“I didn’t come from a traditional research scientist’s background. My family was a lower socio-economic group: blue-collar workers, no experience of university,” she says. She discovered in secondary school that science was her passion, but at university, she encountered very few people studying physical sciences who shared her background. “I wanted to encourage girls and [members of] under-represented communities to take science” courses, she says.
Although she could easily have got a job at a prestigious private school, “it wasn’t the demographic of students that I wanted to work with”, she says. “There were too many students getting left behind who weren’t aware that they could have a scientific career, particularly girls.”
She wanted to reach those students as early as possible, when their enthusiasm for science is still high. “They’ve got to get the idea when they’re 11 or 12 that there are viable careers for them,” she says.
Still was similarly motivated. As the first member of his family to go to university, he says he was lucky to have had the chance to study science in the way he did. “Hopefully I can offer opportunities that I didn’t have to students from similar schooling backgrounds to myself.”
Now based at the private St Paul’s School in London, Still spends much of his time focusing on educational outreach projects, such as a residential summer-school programme, that are also open to students from state-run schools. Being at an institution with well-resourced facilities, he wants to be able to share the benefits “as far and wide as possible”, he says. He hopes these projects will make an impact on students, in that “they would be exposed to stuff that they may not have even realized existed”.
Still also spent a couple of years at Imperial College London teaching a postgraduate certificate in education (PGCE) course, which aimed to get scientists with master’s degrees and PhDs into teaching. He’s been able to pass on his own experience and inspire others to follow a similar path.
Hong Kong-based biology teacher Christine Yu also thinks that the best time to foster young people’s love of science is when they are in secondary school. After earning a PhD in biotechnology at the University of Hong Kong in 2007, she took up a postdoc that included some teaching responsibilities and found that the teaching was where she really shone.
Yu also initiated a science, technology, engineering and mathematics (STEM) programme with a focus on biotechnology, for students aged 13–15. In this hands-on programme, students modify bacterial genes, visit a university laboratory and speak to working scientists. Together with other schoolteachers and university science academics, she has helped to set up or take teams to science competitions involving research projects submitted by students from Hong Kong and neighbouring Chinese cities, with the opportunity to progress to international competitions.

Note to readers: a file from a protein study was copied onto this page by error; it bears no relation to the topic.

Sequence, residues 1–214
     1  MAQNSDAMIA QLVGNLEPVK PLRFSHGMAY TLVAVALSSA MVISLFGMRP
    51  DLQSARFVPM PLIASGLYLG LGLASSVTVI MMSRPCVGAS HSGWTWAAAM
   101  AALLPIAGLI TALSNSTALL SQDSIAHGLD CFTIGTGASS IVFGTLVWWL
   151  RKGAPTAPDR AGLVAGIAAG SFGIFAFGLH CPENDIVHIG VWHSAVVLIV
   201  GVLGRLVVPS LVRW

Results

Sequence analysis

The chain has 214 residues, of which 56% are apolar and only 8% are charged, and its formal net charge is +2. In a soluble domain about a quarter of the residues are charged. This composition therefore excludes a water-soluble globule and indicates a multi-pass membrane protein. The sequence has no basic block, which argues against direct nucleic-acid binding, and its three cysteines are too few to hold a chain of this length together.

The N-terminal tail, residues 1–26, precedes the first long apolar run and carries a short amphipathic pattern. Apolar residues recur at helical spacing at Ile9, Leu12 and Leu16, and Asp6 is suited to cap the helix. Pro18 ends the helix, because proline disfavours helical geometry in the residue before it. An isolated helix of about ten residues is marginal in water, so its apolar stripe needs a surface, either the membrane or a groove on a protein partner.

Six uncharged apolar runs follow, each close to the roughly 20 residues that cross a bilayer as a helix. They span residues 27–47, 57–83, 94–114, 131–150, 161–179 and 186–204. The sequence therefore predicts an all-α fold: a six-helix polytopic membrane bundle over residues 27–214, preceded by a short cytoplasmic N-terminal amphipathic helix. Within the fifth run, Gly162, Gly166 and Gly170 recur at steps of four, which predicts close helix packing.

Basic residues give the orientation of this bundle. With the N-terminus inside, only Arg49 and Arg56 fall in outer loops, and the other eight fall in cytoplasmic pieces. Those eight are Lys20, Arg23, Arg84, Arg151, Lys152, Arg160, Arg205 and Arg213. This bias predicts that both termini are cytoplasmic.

Yu gets great satisfaction from her students’ success — she speaks proudly about former pupils who are now doing PhDs at prestigious universities abroad. “I’m lucky,” she says. “I have a chance to channel them to take part in challenging competitions to widen their horizons and connect them with other STEM students globally.”
PhD skills transfer to the classroom
Scientists who come to schoolteaching after years as postdocs often realize that this has given them a strong footing in their new career. For biologist Charlotte Wood, who made the move after 20 years as a postdoctoral fellow at the University of Nottingham, UK, the depth of her experience gave her confidence in the classroom. Although she admits to initial feelings of ‘impostor syndrome’ when applying for teacher-training courses in her forties, once she started teaching, she found that her years as a working scientist allowed her to explain controversial topics to her students clearly.
“I’m completely confident in rigorous scientific research and the importance of integrity and honesty — like when we’ve talked about the [alleged link between] MMR vaccine and autism,” she says. “I can pull up the original paper, and we can compare it to a new paper.”
Undertaking a PhD prepares teachers for the classroom, with communication and presentation skills being transferable. It is also essential to have a can-do attitude in a tough classroom environment. “Perseverance is very important” during a PhD, says Yu, and this is a skill she wants to embody for her students. “Most of the time we fail in the experiment, and then we think about how to solve the problem.”
Joaquín Ramírez Ramírez likes to bring experimentation into the classroom. A chemistry and biology teacher at the Tecnológico de Monterrey high school in Cuernavaca, Mexico, he might structure lessons in a systematic way, or adopt a more open-ended approach. “I have this idea or hypothesis [that] I can try in the classroom,” he says, and he can get immediate feedback from students’ test scores.
For Kalka, the best preparation for teaching was working flat out on her PhD. “Doing a science PhD is hard work, physically,” she says. “And it’s like that teaching science in school. You are literally on your feet 12 hours or more a day in a science lab in a school, and you do everything — mop the floors, clean up.”
Although work–life balance and a desire to inspire are big factors for many teachers, others are drawn to education for a different reason — to correct what they see as a systemic flaw. “Our education system has killed the scientist inside me,” says Pankaj Jain, director of educational charity Seed2Sapling in Bengaluru, India. The organization, which he co-founded after getting his PhD in molecular biophysics, focuses on promoting constructive learning — letting students experiment and discover answers through play and exploration. The focus should be on nurturing children’s creativity and natural curiosity, he says, instead of just giving them all the answers.
“At least in India, and I’m sure most countries,” he says, “the focus of science or mathematics education is knowing all the concepts, but [with] hardly any exposure to ‘how did they discover it?’.”
Jain and his team work with more than 2 dozen schools that serve around 10,000 students in total. Team members also provide input to committees at the state and national level that plan India’s curriculum. Jain recognizes that that’s a drop in the ocean in a country of 1.4 billion people, but like many working in education, he’s happy to make a positive difference, however small.